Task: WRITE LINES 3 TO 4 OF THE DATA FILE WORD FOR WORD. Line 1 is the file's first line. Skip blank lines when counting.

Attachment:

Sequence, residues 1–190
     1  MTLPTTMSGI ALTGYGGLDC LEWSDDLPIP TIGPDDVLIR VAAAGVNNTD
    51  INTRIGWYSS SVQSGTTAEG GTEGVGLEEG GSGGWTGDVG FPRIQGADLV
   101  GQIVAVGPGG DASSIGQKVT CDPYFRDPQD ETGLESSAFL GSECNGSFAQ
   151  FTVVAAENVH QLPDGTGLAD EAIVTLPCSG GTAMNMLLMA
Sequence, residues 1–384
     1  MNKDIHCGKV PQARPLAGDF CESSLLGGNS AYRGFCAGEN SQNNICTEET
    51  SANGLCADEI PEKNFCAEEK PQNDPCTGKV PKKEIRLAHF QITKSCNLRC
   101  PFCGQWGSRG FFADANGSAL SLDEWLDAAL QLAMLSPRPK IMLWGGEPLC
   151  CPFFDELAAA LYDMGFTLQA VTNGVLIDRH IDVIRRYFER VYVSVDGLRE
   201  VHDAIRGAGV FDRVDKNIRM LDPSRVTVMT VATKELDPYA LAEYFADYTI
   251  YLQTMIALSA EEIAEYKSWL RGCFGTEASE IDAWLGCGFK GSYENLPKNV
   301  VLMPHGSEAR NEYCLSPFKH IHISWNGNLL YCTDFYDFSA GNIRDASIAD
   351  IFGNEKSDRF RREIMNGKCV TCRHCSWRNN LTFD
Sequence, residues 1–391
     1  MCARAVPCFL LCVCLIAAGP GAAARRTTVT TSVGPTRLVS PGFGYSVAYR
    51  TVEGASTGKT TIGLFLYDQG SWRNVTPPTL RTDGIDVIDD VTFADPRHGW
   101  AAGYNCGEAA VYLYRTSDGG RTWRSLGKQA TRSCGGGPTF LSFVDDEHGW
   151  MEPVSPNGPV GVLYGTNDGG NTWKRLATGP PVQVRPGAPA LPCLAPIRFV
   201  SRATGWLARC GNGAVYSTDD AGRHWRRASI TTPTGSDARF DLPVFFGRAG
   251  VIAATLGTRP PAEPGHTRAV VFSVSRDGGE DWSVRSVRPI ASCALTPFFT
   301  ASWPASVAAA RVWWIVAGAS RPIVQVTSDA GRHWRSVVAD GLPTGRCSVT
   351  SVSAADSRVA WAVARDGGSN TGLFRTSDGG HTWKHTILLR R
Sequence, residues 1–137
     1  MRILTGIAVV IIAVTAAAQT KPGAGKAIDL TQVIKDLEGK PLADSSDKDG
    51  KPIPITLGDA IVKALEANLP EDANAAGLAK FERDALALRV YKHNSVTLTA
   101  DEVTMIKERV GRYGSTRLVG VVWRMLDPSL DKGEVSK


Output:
    51  INTRIGWYSS SVQSGTTAEG GTEGVGLEEG GSGGWTGDVG FPRIQGADLV
   101  GQIVAVGPGG DASSIGQKVT CDPYFRDPQD ETGLESSAFL GSECNGSFAQ